Many viewers still seem to want Olivia Benson [Mariska Hargitay] and Stabler to get together romantically. I’m hearing about unresolved issues being resolved.
If that doesn’t happen 100 percent, I don’t know what I signed for! [Laughs.]
Do you really want them to get together? SVU isn’t Grey’s Anatomy.
[Still laughing.] Me, personally? No, no. I don’t think it would service the characters or the franchise very well.
Chris’s Fast Facts
RICH POLK/GETTY IMAGES FOR IMDB
Hometown: Washington, D.C.
Greatest Hits: Law & Order: Special Victims Unit, Oz, True Blood, Pose, Happy!, Wet Hot American Summer, Harold & Kumar Go to White Castle
Accolades: Emmy nomination for best actor in a drama series for Law & Order: SVU, in 2006. Winner of best guest actor in a cable series for Oz, in 1999, from the Online Film and Television Association
Education: B.A. in history from University of Colorado at Boulder, in 1983; Neighborhood Playhouse School of the Theatre in New York.
How will SVU and Law & Order: Organized Crime relate to each other? Will characters go back and forth?
I think Mariska and I will be the linchpin. In the opening sequence, the crime does overlap between the two shows, and then we go our separate ways. Mariska and I are still connected, though. That’s how we’ll stay in touch … the shows.
NBC says Stabler comes out of retirement because of a “devastating personal loss.” Internet rumors speculate that his wife, Kathy [Isabel Gillies], or one of his children, may die.
I can’t confirm or deny.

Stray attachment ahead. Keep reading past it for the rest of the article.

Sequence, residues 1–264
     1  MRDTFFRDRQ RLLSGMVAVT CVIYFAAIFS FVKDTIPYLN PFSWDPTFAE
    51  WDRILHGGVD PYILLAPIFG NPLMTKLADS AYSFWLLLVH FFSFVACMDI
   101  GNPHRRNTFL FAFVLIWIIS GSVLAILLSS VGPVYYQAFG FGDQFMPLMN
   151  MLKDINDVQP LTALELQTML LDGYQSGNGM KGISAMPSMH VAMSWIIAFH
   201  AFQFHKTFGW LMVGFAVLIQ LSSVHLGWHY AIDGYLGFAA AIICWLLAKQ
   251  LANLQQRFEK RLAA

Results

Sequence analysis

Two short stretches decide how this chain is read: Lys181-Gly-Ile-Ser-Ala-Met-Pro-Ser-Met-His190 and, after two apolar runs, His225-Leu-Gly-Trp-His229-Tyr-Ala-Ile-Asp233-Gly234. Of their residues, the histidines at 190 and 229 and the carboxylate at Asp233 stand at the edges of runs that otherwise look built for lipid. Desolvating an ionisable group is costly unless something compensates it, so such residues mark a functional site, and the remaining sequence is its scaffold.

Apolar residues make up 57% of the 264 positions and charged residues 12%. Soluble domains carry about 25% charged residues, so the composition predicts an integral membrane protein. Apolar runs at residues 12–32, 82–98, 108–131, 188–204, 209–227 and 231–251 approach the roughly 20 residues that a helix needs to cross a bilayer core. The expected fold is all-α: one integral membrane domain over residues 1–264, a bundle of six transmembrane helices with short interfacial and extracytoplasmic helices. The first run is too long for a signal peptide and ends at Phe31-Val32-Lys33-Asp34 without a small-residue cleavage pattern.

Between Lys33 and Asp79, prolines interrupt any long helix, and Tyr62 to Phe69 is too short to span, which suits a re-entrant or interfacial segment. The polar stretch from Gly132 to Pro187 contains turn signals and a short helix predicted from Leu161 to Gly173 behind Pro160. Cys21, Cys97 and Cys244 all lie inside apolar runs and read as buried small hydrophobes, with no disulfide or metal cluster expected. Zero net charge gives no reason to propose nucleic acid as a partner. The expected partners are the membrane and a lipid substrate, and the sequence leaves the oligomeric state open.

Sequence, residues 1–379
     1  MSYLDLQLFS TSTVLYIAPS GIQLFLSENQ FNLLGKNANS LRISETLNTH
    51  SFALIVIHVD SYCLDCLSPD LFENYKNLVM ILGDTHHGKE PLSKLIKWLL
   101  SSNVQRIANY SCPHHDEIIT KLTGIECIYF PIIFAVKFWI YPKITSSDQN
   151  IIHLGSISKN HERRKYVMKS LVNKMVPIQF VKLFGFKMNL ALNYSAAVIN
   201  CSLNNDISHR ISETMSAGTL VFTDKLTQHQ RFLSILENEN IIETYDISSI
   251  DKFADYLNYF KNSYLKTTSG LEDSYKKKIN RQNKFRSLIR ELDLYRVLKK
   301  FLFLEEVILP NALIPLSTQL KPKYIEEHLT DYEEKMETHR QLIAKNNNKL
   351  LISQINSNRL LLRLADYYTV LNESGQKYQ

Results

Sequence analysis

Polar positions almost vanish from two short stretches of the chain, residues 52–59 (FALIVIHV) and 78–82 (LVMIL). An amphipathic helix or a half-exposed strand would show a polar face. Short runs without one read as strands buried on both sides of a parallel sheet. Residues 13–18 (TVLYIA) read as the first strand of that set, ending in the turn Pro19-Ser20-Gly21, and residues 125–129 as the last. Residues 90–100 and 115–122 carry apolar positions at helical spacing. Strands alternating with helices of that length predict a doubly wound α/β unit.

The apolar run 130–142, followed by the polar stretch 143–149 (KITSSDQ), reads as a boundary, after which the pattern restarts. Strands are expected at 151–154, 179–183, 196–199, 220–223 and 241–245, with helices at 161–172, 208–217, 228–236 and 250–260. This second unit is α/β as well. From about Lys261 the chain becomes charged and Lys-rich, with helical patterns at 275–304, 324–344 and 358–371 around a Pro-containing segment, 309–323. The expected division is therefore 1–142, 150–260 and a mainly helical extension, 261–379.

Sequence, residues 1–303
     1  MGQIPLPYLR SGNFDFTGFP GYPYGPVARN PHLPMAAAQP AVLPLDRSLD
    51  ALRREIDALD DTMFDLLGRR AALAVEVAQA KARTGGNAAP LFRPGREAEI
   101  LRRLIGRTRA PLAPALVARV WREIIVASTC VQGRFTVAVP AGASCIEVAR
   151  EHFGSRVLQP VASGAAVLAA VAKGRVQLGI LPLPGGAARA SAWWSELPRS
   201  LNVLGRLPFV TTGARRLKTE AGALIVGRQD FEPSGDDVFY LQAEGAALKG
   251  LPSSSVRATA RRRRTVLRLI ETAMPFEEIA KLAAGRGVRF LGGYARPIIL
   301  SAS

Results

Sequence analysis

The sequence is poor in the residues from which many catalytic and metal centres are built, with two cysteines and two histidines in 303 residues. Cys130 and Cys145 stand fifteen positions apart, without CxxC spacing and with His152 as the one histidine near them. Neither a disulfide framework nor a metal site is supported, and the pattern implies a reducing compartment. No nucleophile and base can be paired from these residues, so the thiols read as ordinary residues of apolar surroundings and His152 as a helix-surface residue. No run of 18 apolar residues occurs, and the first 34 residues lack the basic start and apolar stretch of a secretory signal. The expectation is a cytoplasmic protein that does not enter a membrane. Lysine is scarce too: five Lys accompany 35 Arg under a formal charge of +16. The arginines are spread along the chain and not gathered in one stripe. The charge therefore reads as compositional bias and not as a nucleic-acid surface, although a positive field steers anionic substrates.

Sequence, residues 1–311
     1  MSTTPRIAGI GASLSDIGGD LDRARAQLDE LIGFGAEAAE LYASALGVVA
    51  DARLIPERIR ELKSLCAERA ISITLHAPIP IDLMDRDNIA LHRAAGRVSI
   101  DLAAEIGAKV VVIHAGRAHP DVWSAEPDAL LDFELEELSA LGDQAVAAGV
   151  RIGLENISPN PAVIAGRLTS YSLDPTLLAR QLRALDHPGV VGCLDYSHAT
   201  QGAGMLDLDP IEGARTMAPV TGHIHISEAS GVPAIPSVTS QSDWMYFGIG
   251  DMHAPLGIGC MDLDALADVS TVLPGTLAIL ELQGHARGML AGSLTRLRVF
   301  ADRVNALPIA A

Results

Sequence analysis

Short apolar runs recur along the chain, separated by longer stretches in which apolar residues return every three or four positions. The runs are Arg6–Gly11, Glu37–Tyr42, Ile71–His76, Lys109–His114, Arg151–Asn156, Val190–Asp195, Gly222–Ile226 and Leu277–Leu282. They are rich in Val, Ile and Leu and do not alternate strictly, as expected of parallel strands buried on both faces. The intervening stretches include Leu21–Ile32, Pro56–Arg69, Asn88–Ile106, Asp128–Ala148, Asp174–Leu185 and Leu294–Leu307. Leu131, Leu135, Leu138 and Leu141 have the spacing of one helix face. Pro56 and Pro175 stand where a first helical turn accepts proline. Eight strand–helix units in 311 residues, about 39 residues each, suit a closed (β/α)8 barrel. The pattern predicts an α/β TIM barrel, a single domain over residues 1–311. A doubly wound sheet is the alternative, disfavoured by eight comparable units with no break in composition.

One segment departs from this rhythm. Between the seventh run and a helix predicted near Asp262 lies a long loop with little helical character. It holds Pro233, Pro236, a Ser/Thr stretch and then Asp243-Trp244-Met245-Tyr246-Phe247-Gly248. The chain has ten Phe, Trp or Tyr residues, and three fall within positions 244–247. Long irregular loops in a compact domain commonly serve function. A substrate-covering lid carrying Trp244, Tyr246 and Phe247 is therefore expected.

How will the organized crimes that Stabler fights differ from the Mafia?
I think it will be a bit more tech-savvy and more up to date, to reflect what kinds of things criminals are doing today. And how they operate.
How did your siblings react when Finding Your Roots With Henry Louis Gates, Jr. revealed that your great-grandfather, Enrico Meloni, was abandoned at a foundling home in Italy?
They hold everything so close to the vest. We just didn’t know the details about my great-grandfather. So that was fascinating.
How did your wife react when Dr. Gates revealed that you’re related to Nancy Pelosi?
She went, “What? No one in your family’s that smart.”
Your nude urination scene on Oz (HBO, 1997-2003) went viral. Did you think that scene would still follow you around in 2021?
Well, no. In the old days, you’d say, “Oh, you never saw it? That’s a shame.” And now it’s, “Let me pull up a GIF. Let me pull up the meme.” That scene was the biggest reaction Oz ever got from fans. We had prisoners getting raped, limbs and necks broken … but you have a problem with someone urinating in a bucket? … OK.
On a brighter note, you and your wife bought Ozzie and Harriet’s real house in 2014 and have lived there since. [The classic TV show’s sets were based on the house as well.] What’s that been like?
Pretty darn cool.